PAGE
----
De Wind Is Op! Climate, Culture and Innovation in Dutch Maritime Painting - New Bedford Whaling Museum
Whaleship D’Vergulde Walvis (“The Golden Whale”) Oil on canvas by Johanes de Blaauw.


De Wind is OP! explores our extraordinary collections of Golden Age Dutch and Flemish paintings through a fresh lens.

De Wind Is Op! Climate, Culture and Innovation in Dutch Maritime Painting

Wattles Family Gallery

Opened: July 2, 2019

Closed: October 1, 2020

These works interpret around the themes of wind, climate and sea as the drivers behind a uniquely Dutch national identity represented in maritime works of art of this period. 

Dutch artists arguably invented seascape painting, and were the first to specialize in this genre. Their influence reverberates in all that followed, from the work of J.M.W. Turner to Winslow Homer to New Bedford artists William Bradford and Albert Pinkham Ryder.

The exhibition includes up to 50 paintings, prints, and other related artifacts drawn from the Museum’s Dutch collections, one of the largest and important of this genre outside of the Netherlands. There will also be a complementary exhibition in the fall of 2019 of European and American prints, paintings, and charts related to wind and climate themes.

The sea and seafaring shaped the Dutch collective identity. They were a political entity without precedence, and the art world followed the new cultural and societal models unique to the newly formed Dutch Republic. The Dutch were a dominant superpower in all things maritime, including worldwide trade, military strength, and whaling. They were a world emporium, trading timber, grain, salt, cloth, luxury materials throughout the global waterways.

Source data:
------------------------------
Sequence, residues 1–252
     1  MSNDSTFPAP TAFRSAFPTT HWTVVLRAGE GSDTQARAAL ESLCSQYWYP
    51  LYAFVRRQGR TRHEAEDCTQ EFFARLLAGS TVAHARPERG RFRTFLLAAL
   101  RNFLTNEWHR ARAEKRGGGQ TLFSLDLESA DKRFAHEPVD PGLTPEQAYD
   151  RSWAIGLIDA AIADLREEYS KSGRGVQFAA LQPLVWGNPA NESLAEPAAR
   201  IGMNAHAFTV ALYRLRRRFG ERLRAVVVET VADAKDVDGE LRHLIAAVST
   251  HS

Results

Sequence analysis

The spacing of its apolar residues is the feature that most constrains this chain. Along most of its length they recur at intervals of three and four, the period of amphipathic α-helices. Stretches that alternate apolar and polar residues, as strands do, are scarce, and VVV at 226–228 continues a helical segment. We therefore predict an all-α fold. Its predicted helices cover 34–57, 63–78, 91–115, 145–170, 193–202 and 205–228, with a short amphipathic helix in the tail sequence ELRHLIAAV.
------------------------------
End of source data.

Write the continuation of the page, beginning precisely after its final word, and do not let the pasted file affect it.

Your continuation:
This was a time of great artistic production to keep up with a high demand for collecting when a baker was as likely to have fine artwork in his home as a banker. The popular taste was for greatly refined compositions, the exquisiteness of detail, and the plausible reality. Dutch openness to innovation allowed them to manipulate their own watery landscapes with dams and wind power and to design ship modifications that maximized successful access to the Northern seas and the dramatic fluctuating climate during the Little Ice Age.

Vulnerability to tidal deluge and to tempests at sea carried moral and nationalistic themes in paintings from this era. These themes and others are the foundation of the exhibition.

Hendrik Snakenburg (Leiden, 1674 – 1750)

The wind lashes the beach, howls fiercely where I stand,
And blows into my face a very sea of sand.
The tide seethes and foams, and gusts of hail are urging

Shoreward the pelted waves, billowing, splashing, surging
So that the brine exceeds all marks and leaves the dune
Hardly sufficient height to rise above the spume.